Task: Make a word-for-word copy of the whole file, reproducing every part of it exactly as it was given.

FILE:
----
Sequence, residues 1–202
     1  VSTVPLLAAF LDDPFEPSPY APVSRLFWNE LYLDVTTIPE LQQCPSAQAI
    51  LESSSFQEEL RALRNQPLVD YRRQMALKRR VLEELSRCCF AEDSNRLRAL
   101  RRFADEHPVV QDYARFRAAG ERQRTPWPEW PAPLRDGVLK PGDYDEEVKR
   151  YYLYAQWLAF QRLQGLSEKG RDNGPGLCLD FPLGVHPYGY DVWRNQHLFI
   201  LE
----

Sequence, residues 1–202
     1  VSTVPLLAAF LDDPFEPSPY APVSRLFWNE LYLDVTTIPE LQQCPSAQAI
    51  LESSSFQEEL RALRNQPLVD YRRQMALKRR VLEELSRCCF AEDSNRLRAL
   101  RRFADEHPVV QDYARFRAAG ERQRTPWPEW PAPLRDGVLK PGDYDEEVKR
   151  YYLYAQWLAF QRLQGLSEKG RDNGPGLCLD FPLGVHPYGY DVWRNQHLFI
   201  LE